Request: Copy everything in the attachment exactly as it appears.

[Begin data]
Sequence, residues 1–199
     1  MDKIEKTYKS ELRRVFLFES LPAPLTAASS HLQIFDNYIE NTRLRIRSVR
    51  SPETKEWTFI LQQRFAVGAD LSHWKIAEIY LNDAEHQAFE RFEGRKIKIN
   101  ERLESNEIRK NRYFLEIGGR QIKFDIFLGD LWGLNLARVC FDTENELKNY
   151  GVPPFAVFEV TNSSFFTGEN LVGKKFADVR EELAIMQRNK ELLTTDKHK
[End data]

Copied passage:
Sequence, residues 1–199
     1  MDKIEKTYKS ELRRVFLFES LPAPLTAASS HLQIFDNYIE NTRLRIRSVR
    51  SPETKEWTFI LQQRFAVGAD LSHWKIAEIY LNDAEHQAFE RFEGRKIKIN
   101  ERLESNEIRK NRYFLEIGGR QIKFDIFLGD LWGLNLARVC FDTENELKNY
   151  GVPPFAVFEV TNSSFFTGEN LVGKKFADVR EELAIMQRNK ELLTTDKHK